On the road to Samarkand

Law students in Central Asia relying on 1960s Soviet Union text books for their understanding of British law have had their resources and knowledge updated by the Law Society's latest book bus venture.

The book donation was part of a week-long course on English law held by a group of 20 UK law students, trainee lawyers and solicitors as part of the Law Society's Book Bus and Bar Leadership Training project.

About 100 law students and young lawyers from Uzbekistan and Kazakhstan attended the course, held in Samarkand, Uzbekistan.

Andy Unger, a member of the Law Society's Central and Eastern European and former Soviet Union working party, said the law faculties in both countries were hungry for current legal texts.

“The only real text books they have are 1960s Soviet Union texts,” said Unger, who was instrumental in establishing the project.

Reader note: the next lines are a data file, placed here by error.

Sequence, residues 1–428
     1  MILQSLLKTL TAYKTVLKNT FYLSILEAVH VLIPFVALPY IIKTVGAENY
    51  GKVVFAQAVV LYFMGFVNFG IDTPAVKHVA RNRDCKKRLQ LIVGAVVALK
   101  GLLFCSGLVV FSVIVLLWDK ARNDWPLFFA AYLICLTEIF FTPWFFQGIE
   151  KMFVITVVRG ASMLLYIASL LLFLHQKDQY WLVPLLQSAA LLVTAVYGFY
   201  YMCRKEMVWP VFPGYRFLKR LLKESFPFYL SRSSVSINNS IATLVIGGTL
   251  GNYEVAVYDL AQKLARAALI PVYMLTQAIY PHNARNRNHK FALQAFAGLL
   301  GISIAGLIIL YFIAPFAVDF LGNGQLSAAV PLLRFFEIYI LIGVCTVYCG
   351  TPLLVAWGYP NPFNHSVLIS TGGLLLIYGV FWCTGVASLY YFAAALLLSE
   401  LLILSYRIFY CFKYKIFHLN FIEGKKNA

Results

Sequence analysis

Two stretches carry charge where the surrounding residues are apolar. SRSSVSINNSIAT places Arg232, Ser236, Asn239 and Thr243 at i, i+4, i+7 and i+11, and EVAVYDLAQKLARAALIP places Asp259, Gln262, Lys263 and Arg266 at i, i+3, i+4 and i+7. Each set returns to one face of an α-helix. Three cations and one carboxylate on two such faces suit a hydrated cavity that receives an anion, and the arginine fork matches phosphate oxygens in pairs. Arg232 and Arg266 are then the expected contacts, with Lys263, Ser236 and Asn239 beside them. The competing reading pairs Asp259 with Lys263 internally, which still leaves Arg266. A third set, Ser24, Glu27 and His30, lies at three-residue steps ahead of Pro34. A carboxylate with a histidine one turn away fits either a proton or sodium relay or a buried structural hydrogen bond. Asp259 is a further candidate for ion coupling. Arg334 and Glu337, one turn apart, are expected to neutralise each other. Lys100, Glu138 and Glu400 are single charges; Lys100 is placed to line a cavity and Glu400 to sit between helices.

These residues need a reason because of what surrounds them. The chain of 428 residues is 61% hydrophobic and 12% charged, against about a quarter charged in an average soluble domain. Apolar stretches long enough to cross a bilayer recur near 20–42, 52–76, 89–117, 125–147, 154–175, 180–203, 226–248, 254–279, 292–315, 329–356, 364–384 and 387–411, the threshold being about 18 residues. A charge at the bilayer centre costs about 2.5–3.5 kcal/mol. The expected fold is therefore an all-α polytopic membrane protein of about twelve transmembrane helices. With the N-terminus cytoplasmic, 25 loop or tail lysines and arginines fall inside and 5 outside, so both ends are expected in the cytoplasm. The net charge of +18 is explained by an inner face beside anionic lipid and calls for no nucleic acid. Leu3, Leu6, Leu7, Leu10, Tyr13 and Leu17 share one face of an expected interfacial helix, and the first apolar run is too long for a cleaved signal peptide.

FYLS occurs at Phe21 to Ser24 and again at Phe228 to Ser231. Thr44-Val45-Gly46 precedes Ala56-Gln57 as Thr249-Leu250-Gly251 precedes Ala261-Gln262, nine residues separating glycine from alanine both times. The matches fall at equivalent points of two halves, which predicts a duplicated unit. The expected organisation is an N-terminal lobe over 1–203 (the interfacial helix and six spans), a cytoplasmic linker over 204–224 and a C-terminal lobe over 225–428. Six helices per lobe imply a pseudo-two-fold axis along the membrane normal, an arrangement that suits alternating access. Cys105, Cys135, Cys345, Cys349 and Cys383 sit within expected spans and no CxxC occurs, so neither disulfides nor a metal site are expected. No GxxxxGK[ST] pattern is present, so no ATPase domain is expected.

The visit targeted law students facing new roles in business that were unheard of under communism. Unger said the visit would offer an insight into the workings of the western-style democratic market.

“After 70 years of communism their idea of a free market and of democratic society can be very unrealistic,” he explained.

“By discussing basic issues such as compensation for a road accident or setting up a small business, we can give them an idea of how our system works.”

He said the course included a mock jury trial, as the lawyers were not familiar with the concept. “They have a continental system of judges,” he explained.

Unger added that there was also great interest in the five factors for divorce in the UK because it was only necessary to prove irretrievable breakdown of the relationship in Uzbekistan and Kazakhstan.

Local students were familiar with arbitration but had no concept of mediation. Compulsory insurance and full compensation for negligence were also new to them.

Two law faculties and a business faculty each received more than 65 legal texts, donated by law publishers Sweet & Maxwell and Butterworths.

The visit was funded by the British Government's 'Know How' fund.